I started my first business in high school, typing (with a typewriter) student papers and small business correspondence. My marketing plan consisted of a small, inexpensive newspaper ad. I had almost zero overhead. I already had the typewriter and my clients provided the paper.

Years later, I owned and managed an organic garden center for a number of years. Then, after working in various jobs and industries for other companies, I made the leap into forever entrepreneurship in the careers industry, helping executives land jobs they covet and deserve. I made the decision at the beginning that I’d always be a solopreneur. I didn’t want to hire employees.

Being an entrepreneur is not for everyone. But for some of us it’s the only way to make a living. Now I can’t imagine working for anyone else. It’s been said that true entrepreneurs are unemployable, meaning we’re not good at being employees. We’re much more productive when we plan our own work, and control our work days.

Among the many things I love about being an entrepreneur:

  • Making business decisions on the fly and moving forward in an instant with a new idea, without having to run it by anyone else or wait for approval.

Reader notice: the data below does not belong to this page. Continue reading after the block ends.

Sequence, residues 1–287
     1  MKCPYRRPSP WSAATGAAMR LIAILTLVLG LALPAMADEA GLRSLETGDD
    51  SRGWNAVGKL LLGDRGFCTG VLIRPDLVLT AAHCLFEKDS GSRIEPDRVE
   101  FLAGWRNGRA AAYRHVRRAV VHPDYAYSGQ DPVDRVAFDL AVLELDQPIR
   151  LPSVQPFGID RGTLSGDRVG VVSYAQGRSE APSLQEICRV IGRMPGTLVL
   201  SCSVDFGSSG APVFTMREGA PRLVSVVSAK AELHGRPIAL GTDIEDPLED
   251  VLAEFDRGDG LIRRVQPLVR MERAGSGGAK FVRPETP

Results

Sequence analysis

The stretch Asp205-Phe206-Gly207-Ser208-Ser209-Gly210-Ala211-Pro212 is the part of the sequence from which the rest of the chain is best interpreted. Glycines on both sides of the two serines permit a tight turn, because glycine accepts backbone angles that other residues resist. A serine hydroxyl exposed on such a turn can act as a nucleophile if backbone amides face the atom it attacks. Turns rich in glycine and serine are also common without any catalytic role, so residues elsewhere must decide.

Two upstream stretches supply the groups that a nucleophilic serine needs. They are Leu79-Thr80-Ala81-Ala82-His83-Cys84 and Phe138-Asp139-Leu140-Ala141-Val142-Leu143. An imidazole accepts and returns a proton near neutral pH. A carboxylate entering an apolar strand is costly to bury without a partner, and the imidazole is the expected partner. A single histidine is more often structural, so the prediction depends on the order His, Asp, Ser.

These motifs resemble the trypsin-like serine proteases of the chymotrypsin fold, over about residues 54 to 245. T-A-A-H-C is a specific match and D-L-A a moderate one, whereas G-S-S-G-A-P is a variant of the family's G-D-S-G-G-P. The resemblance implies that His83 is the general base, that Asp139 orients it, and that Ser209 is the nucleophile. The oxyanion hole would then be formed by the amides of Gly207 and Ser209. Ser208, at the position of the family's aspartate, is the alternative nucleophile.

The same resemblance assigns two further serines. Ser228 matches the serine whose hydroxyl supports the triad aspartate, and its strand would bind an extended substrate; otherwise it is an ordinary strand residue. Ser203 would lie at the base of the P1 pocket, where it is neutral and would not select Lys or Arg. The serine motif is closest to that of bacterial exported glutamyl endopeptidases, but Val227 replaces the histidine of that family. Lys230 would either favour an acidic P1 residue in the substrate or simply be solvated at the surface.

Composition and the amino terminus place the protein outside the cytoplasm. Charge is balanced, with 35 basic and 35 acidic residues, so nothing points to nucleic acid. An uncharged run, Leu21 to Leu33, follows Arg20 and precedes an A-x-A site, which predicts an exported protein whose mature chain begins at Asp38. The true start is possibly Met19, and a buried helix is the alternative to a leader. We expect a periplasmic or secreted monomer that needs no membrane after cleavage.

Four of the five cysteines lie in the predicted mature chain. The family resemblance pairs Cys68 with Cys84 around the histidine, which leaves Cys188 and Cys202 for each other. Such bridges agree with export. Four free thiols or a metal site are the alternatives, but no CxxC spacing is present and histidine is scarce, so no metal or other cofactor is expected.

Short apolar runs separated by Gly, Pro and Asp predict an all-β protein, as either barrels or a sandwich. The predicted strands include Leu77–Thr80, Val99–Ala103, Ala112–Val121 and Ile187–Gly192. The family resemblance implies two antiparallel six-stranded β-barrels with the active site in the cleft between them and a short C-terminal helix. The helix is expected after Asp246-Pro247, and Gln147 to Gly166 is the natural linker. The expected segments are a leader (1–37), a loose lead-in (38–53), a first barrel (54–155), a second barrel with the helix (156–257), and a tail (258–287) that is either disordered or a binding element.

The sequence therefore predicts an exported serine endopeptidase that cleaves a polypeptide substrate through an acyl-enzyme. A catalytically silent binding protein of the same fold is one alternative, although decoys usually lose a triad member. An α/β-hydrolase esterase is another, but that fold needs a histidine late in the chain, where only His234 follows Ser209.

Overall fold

• Taking calculated risks and sucking it up if it doesn’t work, but learning from my mistakes and re-jigging for a second try.
  • Reveling in the thrill of the big wins, when a new product or service launch lands fast and well.
  • The potential for unlimited income, if I do things right.
  • Taking time off when I want, without being accountable to anyone but myself.
  • Having a variety of responsibilities every day, juggling every aspect of running a small business – from the accounting and office management to client care, marketing, sales and business development.

Those are some of the big positives. Of course, there are negatives:

  • Minimal income in the early years.
  • None of the benefits and perks employers provide – paid vacations, sick pay, health insurance, pay raises, etc.
  • No steady paycheck or set income.
  • No set processes and procedures in place initially to guide you.
  • Loneliness and lack of co-workers to interact with, if you work alone all day.

Checklist for Starting Your New Business

do you have what it takes start a business

Here’s a checklist of questions to ask yourself to help you determine whether starting a business is right for you, and the things you’ll need to do to get started.

Do you have an entrepreneurial mindset?

See if the things I said above that I love about being an entrepreneur resonate with you. Are you someone capable of, and wanting to, run the whole show?

Have you chosen the right kind of business for you?